“Many dental sealants contain opacifying agents that exhibit intrinsic autofluorescence properties, resulting in false positives when scanned with DIAGNOdent, which uses fluorescence technology. The Canary System uses PTR-LUM technology which can ‘see through’ opaque sealants, giving clinicians a quantifiable measurement of the status of the enamel crystal structure”, said Dr. Koneswaran Sivagurunathan.

The Canary System, with its unique crystal structure diagnostics, can quantify, image, monitor and record changes in the structure of enamel, dentin and cementum. It can detect caries beneath opaque sealants, around the margins of restorations, and beneath interproximal, occlusal and smooth surfaces. The Canary Cloud enables dentists to view and manage this data and track Canary usage in the office.

Visit or email to request additional information.


Drug-Resistant and Gum Disease-Causing Germs Selectively Destroyed by PerioLase MVP-7 Dental Laser

Posted on October 24, 2016

Drug-Resistant and Gum Disease-Causing Germs Selectively Destroyed by PerioLase MVP-7 Dental Laser

1064nm wavelength selectively vaporizes bad bacteria without harming healthy tissue

CERRITOS, Calif., Oct. 24, 2016 /PRNewswire/ -- Two new research studies demonstrate how the 1064nm wavelength PerioLase® MVP-7™ dental laser system, optimized for the LANAP® protocol, selectively destroys Porphyromonas gingivalis (Pg), a "keystone" pathogen that directs other gum tissue bacteria to become pathogenically active in the progressive destruction involved in moderate to severe gum disease. 

Pg has historically been identified as a black pigmented species bacteria based on its visible color in lab cultures.  Numerous studies by Midda and others have shown that Pg is destroyed in human treatments following the use of a 1064nm pulsed Nd:YAG laser. These two observations led to conjecture that Pg was also pigmented in the body (in vivo), and that the 1064nm wavelength kills the bacteria by targeting the visible (black) pigment.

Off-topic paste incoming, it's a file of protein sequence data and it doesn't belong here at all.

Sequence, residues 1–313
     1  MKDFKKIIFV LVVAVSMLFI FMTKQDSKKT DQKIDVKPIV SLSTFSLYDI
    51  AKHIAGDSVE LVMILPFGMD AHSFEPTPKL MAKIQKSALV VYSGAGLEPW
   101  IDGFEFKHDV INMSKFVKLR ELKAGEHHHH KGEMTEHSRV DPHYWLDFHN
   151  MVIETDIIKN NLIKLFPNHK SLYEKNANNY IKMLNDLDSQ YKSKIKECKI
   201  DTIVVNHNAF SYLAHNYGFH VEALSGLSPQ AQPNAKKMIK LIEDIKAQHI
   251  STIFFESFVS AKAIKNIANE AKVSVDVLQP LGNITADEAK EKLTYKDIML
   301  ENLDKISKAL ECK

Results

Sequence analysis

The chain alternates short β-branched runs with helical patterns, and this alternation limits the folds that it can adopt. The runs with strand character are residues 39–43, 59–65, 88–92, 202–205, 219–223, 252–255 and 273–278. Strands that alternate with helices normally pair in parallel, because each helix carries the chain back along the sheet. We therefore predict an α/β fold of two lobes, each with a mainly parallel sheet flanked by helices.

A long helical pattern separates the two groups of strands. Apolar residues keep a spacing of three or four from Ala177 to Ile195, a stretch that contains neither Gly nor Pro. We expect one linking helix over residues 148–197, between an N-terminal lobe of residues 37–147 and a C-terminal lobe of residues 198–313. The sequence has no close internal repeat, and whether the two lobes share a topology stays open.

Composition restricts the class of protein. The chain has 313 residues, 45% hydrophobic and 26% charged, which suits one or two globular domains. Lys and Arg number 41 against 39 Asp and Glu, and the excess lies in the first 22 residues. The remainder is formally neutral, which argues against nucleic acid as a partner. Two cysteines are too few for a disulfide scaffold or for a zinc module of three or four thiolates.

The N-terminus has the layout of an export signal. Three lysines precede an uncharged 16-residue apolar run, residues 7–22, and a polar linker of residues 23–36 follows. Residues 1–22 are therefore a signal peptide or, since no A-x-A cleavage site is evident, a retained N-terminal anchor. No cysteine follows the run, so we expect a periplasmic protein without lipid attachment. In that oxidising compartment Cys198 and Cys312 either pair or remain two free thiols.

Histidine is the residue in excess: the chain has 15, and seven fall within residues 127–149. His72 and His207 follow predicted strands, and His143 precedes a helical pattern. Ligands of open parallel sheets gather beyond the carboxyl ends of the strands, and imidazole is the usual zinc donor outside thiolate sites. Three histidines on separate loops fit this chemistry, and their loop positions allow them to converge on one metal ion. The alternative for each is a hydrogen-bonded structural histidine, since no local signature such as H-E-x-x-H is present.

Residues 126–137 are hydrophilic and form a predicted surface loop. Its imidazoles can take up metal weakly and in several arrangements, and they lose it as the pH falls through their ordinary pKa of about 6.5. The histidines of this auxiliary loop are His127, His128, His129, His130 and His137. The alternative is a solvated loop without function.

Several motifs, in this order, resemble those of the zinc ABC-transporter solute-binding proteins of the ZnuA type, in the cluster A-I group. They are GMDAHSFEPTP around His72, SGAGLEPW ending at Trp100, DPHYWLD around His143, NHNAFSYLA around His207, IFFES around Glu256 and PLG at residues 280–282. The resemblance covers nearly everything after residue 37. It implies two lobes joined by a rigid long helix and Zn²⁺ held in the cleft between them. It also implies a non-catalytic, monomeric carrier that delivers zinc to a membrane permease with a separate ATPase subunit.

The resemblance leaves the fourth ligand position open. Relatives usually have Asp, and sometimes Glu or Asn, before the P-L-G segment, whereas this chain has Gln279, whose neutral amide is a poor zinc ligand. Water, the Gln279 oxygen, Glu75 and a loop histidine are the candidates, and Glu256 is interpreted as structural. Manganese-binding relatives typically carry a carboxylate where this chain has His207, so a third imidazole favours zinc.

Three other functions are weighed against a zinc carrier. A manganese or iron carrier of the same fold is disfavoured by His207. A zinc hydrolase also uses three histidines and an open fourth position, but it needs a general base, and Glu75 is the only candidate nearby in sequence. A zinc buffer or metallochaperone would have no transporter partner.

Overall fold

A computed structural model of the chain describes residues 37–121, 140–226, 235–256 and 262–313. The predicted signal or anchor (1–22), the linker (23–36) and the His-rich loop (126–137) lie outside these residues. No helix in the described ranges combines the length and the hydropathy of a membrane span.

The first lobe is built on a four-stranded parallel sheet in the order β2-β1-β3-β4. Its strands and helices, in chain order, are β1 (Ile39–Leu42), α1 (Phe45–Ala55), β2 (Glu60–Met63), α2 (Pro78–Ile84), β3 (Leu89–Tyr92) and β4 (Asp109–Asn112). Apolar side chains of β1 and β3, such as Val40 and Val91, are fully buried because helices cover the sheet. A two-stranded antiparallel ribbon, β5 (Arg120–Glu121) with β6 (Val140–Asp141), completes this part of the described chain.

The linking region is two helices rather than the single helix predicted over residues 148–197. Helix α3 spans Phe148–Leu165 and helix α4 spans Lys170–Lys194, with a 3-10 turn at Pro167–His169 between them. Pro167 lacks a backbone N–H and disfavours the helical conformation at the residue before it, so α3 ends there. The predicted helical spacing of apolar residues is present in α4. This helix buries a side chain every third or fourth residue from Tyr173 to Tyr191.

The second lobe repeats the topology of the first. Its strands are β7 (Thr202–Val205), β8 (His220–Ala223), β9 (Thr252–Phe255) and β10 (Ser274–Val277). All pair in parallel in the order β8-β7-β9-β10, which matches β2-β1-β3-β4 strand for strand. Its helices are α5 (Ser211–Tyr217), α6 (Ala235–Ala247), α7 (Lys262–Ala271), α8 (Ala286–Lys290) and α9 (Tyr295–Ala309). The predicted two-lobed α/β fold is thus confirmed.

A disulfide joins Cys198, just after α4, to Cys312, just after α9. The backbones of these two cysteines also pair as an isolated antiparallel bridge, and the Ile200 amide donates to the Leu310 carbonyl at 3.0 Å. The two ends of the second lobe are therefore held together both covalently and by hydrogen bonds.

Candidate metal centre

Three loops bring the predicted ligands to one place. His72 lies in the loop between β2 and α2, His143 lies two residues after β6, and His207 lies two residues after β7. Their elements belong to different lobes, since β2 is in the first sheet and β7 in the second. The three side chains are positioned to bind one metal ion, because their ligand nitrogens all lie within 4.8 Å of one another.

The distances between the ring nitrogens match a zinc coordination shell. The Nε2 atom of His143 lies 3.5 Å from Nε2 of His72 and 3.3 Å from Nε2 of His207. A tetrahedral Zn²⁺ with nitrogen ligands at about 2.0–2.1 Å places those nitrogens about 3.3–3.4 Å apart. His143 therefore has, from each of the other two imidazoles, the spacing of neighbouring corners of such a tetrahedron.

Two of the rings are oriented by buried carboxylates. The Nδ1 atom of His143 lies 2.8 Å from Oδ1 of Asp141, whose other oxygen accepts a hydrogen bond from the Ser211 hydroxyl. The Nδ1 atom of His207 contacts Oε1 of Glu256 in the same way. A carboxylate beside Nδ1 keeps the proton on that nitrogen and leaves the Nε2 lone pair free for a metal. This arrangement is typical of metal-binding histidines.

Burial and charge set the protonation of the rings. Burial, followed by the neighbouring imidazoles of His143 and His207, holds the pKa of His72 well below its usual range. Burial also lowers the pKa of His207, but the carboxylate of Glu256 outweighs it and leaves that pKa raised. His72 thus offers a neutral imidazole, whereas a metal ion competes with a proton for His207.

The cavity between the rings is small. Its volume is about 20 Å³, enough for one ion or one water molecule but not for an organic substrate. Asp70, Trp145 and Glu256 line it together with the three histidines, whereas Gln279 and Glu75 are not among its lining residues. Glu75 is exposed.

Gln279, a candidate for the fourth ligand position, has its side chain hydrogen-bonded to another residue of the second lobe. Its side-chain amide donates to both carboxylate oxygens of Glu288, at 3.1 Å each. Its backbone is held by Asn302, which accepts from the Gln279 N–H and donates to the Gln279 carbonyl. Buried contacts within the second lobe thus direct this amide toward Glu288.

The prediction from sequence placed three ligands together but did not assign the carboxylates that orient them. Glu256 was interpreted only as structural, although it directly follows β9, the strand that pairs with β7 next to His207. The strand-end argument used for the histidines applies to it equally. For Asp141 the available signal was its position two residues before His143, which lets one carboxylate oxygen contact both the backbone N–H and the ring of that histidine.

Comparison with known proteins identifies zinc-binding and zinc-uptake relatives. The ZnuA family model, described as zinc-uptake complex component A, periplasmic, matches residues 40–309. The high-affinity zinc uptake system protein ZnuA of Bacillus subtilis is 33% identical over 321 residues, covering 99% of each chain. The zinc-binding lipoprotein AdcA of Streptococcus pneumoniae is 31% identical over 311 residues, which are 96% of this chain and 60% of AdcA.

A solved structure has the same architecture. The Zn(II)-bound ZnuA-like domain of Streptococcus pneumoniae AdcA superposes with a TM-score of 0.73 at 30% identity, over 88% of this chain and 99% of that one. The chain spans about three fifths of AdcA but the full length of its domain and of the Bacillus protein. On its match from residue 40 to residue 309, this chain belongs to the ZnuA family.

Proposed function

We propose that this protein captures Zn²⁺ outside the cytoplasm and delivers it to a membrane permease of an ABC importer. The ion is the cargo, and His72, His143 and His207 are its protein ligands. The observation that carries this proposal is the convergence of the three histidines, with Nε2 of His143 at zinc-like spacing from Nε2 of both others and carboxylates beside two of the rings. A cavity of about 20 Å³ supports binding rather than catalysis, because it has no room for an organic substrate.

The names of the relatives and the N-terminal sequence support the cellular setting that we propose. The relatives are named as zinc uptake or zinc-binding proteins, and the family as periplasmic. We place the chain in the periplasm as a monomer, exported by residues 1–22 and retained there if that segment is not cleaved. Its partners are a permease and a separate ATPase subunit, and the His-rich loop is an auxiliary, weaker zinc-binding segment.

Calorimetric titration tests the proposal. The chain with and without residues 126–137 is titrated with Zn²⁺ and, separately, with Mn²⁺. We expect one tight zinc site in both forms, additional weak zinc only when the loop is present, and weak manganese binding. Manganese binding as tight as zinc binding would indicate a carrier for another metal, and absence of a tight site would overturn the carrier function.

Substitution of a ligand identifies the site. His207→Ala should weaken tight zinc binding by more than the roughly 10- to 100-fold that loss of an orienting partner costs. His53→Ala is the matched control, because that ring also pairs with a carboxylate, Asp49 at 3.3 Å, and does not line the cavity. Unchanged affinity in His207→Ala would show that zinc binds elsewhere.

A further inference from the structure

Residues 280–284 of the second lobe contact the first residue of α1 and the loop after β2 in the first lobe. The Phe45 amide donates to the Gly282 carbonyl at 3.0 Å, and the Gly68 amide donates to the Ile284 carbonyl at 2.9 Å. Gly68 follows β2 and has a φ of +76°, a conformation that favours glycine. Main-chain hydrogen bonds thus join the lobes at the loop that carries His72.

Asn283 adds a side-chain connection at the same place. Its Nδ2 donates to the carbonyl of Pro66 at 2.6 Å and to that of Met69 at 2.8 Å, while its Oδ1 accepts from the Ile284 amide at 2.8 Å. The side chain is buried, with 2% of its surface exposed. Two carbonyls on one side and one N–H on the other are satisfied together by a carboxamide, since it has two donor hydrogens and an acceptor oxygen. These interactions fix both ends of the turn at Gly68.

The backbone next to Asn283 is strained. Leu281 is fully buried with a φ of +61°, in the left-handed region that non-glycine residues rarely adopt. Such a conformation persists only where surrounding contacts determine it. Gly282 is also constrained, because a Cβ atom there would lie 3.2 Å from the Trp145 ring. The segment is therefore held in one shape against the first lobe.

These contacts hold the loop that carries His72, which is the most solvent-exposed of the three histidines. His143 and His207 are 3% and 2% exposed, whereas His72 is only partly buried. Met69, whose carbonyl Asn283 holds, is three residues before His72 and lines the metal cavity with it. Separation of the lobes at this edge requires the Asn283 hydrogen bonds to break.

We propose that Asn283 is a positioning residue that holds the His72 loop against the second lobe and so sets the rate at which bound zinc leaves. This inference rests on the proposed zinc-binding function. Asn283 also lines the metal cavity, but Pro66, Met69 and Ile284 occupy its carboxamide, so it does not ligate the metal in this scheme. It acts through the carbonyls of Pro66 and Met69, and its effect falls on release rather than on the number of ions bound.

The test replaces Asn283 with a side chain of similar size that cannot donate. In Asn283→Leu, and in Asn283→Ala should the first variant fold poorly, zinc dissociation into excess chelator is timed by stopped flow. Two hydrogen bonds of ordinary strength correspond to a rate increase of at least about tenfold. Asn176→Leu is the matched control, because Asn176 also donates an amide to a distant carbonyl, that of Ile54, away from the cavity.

"The Black Bug Myth, Selective Photodestruction of Pigmented Pathogens" by researchers David Harris, PhD, et al., clearly demonstrates that the PerioLase MVP-7 1064nm wavelength dental laser destroys Pg bacteria regardless of the amount of visible pigmentation or complete lack of visible pigmentation in the bacteria.

This research suggests that the PerioLase MVP-7 kills Pg bacteria by destroying an invisible chromophore. In other words, periodontal bugs do not need to be black, or even visible to the human eye, in order to be eliminated by the PerioLase MVP-7.

The second study, "Selective Photoantisepsis", published by Harris and Reinisch, focuses on selectively eliminating pathogens at different depths within a tissue model by analyzing the differences between the absorption of light energy by pathogens and host tissues. The study supports selective destruction of Pg and Prevotella intermedia (Pi) at depths of 3-4mm using a 1064nm pulsed-Nd:YAG laser. Unlike the 1064nm wavelength, the 810nm diode laser requires visible pigment to destroy the bacteria. The 810nm was also lethal to the healthy tissue at an earlier stage. The model indicates no selectivity for the 2940nm Er:YAG laser.

"These two studies add to our understanding of the reasons and mechanisms for the benefits of the PerioLase MVP-7 1064nm pulsed Nd:YAG laser in reducing the periodontal pathogens associated with gum disease," states Robert H. Gregg II, DDS, co-inventor of the PerioLase MVP-7 and inventor of the LANAP protocol. "It is no surprise that positive evidence and research continue to accumulate given the consistent, reproducible results our LANAP-trained clinicians have obtained for decades."

The PerioLase MVP-7 surgical laser, included in the PerioLase Periodontal Package (PPP), is manufactured exclusively by Millennium Dental Technologies, Inc.  The PPP includes the industry's best surgical training and the only clinical results guarantee.  The patent pending LANAP® Protocol and patent pending LAPIP™ Protocol are featured techniques in the highly acclaimed surgical training program offered by Millennium and presented by the Institute for Advanced Laser Dentistry.

Both studies were published in the journal Lasers in Surgery and Medicine.

It’s a Wrap for the 2016 ADA Meeting by Dr. Bob Margeas

Posted on October 24, 2016

Dr. Bob Margeas says," It's a wrap" at the #ADADEN 2016. See what he has to say.